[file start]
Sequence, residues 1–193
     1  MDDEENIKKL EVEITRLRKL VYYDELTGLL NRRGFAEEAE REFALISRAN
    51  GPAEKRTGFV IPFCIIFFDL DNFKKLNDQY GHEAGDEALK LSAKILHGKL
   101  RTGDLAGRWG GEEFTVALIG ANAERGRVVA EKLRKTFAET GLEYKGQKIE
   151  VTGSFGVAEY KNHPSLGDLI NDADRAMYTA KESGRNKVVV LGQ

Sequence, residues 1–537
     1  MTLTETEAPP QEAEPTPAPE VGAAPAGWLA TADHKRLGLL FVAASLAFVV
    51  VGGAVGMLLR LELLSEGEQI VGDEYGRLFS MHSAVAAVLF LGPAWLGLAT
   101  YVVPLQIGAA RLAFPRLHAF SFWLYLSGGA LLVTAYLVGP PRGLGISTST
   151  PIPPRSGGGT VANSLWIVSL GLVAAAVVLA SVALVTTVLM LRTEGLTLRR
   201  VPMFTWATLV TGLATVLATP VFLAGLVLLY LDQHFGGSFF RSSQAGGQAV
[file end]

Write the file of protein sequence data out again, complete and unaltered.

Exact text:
Sequence, residues 1–193
     1  MDDEENIKKL EVEITRLRKL VYYDELTGLL NRRGFAEEAE REFALISRAN
    51  GPAEKRTGFV IPFCIIFFDL DNFKKLNDQY GHEAGDEALK LSAKILHGKL
   101  RTGDLAGRWG GEEFTVALIG ANAERGRVVA EKLRKTFAET GLEYKGQKIE
   151  VTGSFGVAEY KNHPSLGDLI NDADRAMYTA KESGRNKVVV LGQ

Sequence, residues 1–537
     1  MTLTETEAPP QEAEPTPAPE VGAAPAGWLA TADHKRLGLL FVAASLAFVV
    51  VGGAVGMLLR LELLSEGEQI VGDEYGRLFS MHSAVAAVLF LGPAWLGLAT
   101  YVVPLQIGAA RLAFPRLHAF SFWLYLSGGA LLVTAYLVGP PRGLGISTST
   151  PIPPRSGGGT VANSLWIVSL GLVAAAVVLA SVALVTTVLM LRTEGLTLRR
   201  VPMFTWATLV TGLATVLATP VFLAGLVLLY LDQHFGGSFF RSSQAGGQAV